I always look to see whether the tool has certification programs. For example, HootSuite has HootSuite University and you can now become HootSuite Certified. The newest tool I'm working towards my certification is in Zapier for chatbot integrations. This is something that has helped my business with credibility and attracts new clients.
This approach is not just about marketing software. In fact, it's not just about purchases, either.
Plot out two scenarios, a year or two going forward.
The first is the status quo. The status quo does not mean "how things are now." It means how things will be over the next year or two if you continue with current tools. Look at costs. Look at staff time. Look at missed opportunities. Look at what might break if it's not replaced (often an issue with IT, less so with marketing).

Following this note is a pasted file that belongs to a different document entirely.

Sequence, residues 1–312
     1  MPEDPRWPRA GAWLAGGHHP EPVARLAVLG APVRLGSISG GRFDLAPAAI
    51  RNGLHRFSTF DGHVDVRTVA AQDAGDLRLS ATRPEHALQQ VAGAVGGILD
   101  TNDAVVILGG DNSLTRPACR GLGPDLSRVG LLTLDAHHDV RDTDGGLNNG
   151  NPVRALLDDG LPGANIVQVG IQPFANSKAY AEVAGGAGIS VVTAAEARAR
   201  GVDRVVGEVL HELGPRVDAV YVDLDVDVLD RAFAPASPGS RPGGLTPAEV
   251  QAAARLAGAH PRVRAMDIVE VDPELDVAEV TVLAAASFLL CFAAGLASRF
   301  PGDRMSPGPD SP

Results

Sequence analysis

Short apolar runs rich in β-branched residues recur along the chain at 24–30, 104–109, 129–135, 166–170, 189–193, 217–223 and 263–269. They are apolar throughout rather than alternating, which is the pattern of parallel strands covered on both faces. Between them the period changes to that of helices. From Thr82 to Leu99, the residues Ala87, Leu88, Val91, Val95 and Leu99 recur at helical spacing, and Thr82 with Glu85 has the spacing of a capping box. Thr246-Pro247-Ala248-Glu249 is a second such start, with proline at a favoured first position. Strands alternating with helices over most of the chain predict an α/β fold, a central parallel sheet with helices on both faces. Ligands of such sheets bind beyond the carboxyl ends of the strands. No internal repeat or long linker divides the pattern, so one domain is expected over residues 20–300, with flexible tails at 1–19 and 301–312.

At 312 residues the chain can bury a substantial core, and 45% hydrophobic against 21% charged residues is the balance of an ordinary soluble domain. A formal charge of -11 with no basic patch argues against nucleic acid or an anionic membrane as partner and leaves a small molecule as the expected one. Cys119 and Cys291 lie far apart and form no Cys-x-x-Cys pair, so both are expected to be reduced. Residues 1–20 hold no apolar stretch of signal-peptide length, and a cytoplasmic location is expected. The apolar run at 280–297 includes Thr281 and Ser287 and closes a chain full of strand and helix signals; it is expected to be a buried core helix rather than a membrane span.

Then second is with the new software. How will things look in a year or two with the new software? Scope out the same factors, so that you can make a side-by-side comparison chart.
Usually, all you have to be able to show is that you will break even on costs. Then the time savings, the missed opportunities, and other benefits will all be gravy. The big bosses won't even care the order of magnitude—profit is profit, and that's what those other factors represent.
This works just as well for any major decision as it does for a software purchase. Remember that the key is this: Bring your boss a solution, not a problem.
I personally play both roles in our company. I am a co-founder, so I have to pitch new tools to my co-founders (and even team), and the team also proposes new tools to me that we can implement.
I just have one tip for both sides. Test the tool and do a small case study. This will give the decision makers or the team a clear reason to invest in a new tool.